Automakers and dealerships had record sales this summer on new vehicles. But the availability of cheap credit, generous factory incentives, and heavy discounts meant that many buyers found new cars a better value than used. With used car inventories piling up, prices are dropping.

According to Manhiem Inc a consulting firm that track used car prices and auctions, reported that the average transaction price of a pre-owned vehicles was down 9% in August. However, despite this trend Manhiem says that dealerships still have strong net margins on used inventory.

But industry analysts are concerned that a decline in used car sales may have a negative impact on new car values.


From the Wall Street Journal -

" analyst David Lim said that although used-vehicle prices still remain historically strong, the four-month decline would affect automotive sales because of lower residual values. In addition, "it may delay prospective new car buyers as trade-in value may not be compelling."

"We note [auto makers] have been more aggressive with incentive use, which is essentially a repricing of the vehicle," Mr. Lim said. "Excessive incentive use would negatively affect" resale values, he said.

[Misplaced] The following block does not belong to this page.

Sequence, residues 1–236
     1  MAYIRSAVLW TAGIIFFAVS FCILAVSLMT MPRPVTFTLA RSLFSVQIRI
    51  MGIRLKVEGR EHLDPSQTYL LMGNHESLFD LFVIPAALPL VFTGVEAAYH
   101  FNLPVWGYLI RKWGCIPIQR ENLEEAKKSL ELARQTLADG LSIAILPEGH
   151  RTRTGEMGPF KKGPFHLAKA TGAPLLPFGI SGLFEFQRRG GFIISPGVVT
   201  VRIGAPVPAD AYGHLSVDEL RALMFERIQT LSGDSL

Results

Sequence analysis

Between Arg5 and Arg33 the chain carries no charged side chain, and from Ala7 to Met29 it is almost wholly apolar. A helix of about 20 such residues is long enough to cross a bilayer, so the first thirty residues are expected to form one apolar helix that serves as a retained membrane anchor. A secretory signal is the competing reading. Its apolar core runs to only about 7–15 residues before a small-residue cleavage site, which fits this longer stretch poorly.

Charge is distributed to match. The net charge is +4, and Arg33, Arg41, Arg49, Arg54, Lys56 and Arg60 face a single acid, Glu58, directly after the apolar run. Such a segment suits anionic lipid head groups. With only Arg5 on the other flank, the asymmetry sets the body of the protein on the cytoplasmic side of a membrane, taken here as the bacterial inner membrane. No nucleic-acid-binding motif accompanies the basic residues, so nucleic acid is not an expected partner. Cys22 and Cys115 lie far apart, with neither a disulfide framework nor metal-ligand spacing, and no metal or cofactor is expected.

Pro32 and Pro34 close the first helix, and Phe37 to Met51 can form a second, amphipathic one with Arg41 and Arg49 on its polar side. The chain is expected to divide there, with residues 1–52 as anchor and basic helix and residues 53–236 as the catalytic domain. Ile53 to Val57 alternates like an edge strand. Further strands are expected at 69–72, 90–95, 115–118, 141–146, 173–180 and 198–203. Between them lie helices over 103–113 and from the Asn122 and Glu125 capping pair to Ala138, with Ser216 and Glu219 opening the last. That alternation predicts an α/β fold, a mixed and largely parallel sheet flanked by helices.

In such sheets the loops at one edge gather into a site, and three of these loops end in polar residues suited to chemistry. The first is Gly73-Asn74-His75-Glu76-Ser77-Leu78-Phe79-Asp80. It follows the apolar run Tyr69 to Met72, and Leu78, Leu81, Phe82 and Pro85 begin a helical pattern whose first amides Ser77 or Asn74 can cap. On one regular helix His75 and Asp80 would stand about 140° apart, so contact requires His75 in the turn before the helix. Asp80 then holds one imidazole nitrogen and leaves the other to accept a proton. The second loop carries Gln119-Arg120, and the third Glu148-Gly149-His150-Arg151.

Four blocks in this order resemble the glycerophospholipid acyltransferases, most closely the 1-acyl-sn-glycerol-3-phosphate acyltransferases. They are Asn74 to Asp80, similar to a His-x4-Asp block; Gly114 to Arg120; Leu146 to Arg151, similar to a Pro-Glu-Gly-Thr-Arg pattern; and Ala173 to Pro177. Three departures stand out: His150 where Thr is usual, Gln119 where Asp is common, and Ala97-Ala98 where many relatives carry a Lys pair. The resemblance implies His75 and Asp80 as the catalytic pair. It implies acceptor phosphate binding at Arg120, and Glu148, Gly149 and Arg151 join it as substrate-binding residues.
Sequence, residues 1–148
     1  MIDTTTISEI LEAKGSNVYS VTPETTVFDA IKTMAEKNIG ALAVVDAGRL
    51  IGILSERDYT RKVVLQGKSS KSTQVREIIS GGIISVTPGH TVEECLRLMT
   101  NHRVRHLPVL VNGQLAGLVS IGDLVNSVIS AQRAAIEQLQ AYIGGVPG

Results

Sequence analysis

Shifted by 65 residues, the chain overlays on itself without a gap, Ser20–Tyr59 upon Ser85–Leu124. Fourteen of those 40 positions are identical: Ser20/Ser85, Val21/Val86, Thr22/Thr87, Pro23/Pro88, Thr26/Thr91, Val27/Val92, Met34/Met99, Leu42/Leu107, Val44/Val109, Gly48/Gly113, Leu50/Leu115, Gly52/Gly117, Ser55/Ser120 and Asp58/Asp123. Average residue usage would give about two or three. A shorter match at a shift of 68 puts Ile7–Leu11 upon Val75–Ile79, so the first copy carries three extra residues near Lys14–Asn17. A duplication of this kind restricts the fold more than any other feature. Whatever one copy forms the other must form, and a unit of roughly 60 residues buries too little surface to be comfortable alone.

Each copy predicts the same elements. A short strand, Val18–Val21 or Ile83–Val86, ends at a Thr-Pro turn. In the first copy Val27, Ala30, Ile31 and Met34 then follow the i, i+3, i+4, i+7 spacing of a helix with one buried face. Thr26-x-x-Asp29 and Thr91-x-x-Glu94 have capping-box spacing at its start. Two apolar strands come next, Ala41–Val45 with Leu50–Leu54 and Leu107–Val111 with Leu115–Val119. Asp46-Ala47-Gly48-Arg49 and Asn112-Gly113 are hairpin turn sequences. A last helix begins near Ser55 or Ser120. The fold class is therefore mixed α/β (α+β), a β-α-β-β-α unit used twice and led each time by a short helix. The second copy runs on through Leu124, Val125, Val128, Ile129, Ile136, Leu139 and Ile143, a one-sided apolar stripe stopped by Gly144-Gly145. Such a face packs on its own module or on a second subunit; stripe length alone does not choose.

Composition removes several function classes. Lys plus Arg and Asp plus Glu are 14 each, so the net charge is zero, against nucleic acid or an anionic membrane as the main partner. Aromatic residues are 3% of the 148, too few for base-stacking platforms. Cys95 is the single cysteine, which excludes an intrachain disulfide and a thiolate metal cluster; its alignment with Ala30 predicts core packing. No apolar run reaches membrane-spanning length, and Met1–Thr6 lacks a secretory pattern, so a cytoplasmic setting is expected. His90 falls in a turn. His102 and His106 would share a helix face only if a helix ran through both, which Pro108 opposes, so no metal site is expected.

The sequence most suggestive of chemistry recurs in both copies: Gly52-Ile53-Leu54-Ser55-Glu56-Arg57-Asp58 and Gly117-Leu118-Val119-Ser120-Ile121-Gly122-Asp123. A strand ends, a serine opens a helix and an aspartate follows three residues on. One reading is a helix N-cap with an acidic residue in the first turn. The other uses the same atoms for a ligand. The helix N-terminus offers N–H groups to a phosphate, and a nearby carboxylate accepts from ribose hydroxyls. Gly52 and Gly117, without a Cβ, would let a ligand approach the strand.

Even among new cars ,factory incentives are clearing out inventory on models just coming in. Classic car-buying wisdom said that the deals are on the left-over model year. I recently shopped a 14' and a 15' Hyundai Elantra, both cars had heavy discounts and the 15' was only a few hundred more than the 2014. Many pre-owned examples were priced higher than the new ones.

When it comes to buying new vs. used it really depends on the market and price range. Vehicles with heavy factory incentives that also have high resale value are often better purchased new. However, luxury cars the depreciate quickly can be found for great deals in the pre-owned market.


If you have a question, a tip, or something you would like to to share about car-buying, drop me a line at and be sure to include your Kinja handle.


Photo: Getty